JamesD
JamesD on April 18, 2015 at 9:10 pm

Orlando,

They do? I’ve never heard of you before reading your posts on this page. If you did save the Kings, that should be celebrated, not hidden. I’m sure a lot of the people on this page would love to hear how that happened.

Mike – I stand by what I said earlier.

markp
markp on April 19, 2015 at 12:04 am

I for one dont care (well I really do) who was responsible for saving the Kings Theatre. The point is that it was saved, and is back in business. You should be glad you have a company running it who knows what theyre doing. We here in Jersey have the Loews Jersey which needs a ton of work, and the Ritz in Elizabeth whose owner spent millions restoring it, and now it sits there doing nothing. We can only hope someone takes them over and they return to their former glory.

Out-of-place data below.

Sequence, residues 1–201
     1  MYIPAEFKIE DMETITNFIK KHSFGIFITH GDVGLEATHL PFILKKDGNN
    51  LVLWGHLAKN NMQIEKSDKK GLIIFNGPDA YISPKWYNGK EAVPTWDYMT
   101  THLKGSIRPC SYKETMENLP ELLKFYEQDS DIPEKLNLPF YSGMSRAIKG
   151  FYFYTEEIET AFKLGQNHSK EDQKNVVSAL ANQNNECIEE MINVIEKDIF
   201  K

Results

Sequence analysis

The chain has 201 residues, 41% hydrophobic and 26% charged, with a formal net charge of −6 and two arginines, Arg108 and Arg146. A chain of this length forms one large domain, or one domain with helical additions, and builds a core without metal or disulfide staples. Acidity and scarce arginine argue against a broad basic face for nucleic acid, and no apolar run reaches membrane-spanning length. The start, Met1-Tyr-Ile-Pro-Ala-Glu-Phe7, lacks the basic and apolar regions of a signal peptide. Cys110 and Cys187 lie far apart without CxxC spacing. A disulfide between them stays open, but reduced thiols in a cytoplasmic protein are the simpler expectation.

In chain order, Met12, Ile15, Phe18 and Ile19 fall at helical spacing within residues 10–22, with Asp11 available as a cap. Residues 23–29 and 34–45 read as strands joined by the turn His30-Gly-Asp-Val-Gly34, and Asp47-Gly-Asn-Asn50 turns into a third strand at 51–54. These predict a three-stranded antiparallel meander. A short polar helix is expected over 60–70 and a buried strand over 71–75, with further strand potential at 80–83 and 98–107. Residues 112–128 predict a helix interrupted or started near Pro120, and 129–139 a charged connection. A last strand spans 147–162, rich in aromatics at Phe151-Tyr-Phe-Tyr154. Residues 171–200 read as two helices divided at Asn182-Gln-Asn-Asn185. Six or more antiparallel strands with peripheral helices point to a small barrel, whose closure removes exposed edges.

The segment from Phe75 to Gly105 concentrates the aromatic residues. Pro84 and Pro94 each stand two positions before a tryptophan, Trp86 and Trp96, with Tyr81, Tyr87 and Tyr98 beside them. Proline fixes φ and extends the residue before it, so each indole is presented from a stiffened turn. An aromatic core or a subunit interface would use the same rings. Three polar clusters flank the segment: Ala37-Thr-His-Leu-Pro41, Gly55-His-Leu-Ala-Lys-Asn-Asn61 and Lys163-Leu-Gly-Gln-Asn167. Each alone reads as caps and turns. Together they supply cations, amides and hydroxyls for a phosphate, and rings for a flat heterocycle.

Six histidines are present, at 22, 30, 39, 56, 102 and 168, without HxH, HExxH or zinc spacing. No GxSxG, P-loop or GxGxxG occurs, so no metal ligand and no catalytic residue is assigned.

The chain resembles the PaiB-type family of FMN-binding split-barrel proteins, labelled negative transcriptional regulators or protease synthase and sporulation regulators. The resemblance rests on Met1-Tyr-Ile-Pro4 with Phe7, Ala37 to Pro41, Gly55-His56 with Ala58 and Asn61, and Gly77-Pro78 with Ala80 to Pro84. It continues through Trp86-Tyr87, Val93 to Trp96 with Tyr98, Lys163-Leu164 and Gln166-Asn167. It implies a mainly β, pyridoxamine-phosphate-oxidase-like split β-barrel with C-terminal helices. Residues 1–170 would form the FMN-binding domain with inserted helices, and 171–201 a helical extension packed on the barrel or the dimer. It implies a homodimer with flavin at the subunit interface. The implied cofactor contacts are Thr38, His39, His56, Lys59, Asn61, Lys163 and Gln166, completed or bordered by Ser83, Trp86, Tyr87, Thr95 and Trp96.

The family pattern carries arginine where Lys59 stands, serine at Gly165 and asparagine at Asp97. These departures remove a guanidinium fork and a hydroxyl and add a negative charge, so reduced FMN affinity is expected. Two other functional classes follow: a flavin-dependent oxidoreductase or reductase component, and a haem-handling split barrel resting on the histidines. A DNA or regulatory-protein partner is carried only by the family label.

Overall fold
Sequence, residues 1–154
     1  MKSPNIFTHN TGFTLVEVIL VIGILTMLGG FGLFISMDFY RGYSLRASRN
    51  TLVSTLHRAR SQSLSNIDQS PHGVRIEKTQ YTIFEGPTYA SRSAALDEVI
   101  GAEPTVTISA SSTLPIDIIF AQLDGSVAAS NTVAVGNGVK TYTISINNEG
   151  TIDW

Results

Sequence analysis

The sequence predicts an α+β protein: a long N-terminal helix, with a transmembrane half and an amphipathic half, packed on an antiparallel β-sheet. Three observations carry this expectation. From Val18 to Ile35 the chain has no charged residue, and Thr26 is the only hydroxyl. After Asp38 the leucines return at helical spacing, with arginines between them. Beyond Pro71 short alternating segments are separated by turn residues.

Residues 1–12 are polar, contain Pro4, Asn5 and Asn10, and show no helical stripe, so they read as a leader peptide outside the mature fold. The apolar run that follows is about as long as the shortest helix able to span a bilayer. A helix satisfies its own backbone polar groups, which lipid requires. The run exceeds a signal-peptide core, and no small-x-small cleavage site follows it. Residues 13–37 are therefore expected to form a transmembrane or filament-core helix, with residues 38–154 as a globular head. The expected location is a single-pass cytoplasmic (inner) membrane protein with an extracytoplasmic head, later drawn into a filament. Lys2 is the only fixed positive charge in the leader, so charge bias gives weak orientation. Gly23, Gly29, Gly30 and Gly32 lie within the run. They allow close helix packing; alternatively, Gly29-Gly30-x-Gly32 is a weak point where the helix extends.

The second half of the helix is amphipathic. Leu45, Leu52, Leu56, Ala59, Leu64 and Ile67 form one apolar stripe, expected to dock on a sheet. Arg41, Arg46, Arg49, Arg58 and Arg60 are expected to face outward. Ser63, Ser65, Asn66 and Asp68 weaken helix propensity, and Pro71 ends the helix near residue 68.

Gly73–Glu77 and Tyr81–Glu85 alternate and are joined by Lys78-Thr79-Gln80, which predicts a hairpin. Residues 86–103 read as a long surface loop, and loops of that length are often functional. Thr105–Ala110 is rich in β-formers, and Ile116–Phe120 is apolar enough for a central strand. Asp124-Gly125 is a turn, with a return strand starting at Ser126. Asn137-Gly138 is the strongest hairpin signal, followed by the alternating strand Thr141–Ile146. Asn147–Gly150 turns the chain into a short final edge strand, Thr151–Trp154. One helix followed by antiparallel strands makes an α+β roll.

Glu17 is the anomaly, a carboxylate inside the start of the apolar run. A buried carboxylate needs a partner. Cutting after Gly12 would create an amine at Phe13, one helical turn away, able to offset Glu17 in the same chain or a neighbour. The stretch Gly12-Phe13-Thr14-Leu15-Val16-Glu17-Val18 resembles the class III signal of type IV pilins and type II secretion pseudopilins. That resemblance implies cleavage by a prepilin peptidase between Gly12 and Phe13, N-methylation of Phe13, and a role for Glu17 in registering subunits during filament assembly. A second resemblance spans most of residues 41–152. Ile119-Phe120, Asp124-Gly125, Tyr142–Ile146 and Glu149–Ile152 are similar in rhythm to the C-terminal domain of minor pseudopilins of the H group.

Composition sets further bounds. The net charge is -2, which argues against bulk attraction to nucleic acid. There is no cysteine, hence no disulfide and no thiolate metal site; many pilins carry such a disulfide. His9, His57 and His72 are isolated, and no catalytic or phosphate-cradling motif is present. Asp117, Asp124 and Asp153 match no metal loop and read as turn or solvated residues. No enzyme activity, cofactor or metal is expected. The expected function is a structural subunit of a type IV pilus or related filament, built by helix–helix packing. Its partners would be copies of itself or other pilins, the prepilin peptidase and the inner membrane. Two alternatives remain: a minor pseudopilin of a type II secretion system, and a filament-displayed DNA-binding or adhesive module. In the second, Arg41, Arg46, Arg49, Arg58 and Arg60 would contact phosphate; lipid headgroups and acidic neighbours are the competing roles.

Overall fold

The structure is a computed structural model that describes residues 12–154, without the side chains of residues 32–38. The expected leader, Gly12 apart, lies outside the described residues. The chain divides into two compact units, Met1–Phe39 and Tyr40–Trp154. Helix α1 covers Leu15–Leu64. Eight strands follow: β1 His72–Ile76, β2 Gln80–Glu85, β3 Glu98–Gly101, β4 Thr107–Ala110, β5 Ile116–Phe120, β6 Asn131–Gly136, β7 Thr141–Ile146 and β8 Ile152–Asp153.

Ross Melnick
Ross Melnick on April 19, 2015 at 6:45 am

Dear All,

Thank you for your passion for the Kings Theatre.

As Mike noted above, about once a year we’re forced to delete off-subject comments and those that degenerate into personal attacks from one page on this site. I truly appreciate all of your passion but we want to make sure comment threads do not become hijacked by inter-user squabbles.

As the son of a proud Erasmus graduate and former Loew’s Kings moviegoer, I’ll add that I’m also completely thrilled that the Kings is back. If there are inaccuracies in our entry above, please email any corrections to our illustrious editor Ken Roe at .

Thanks for your understanding and hope to see you in Brooklyn someday soon!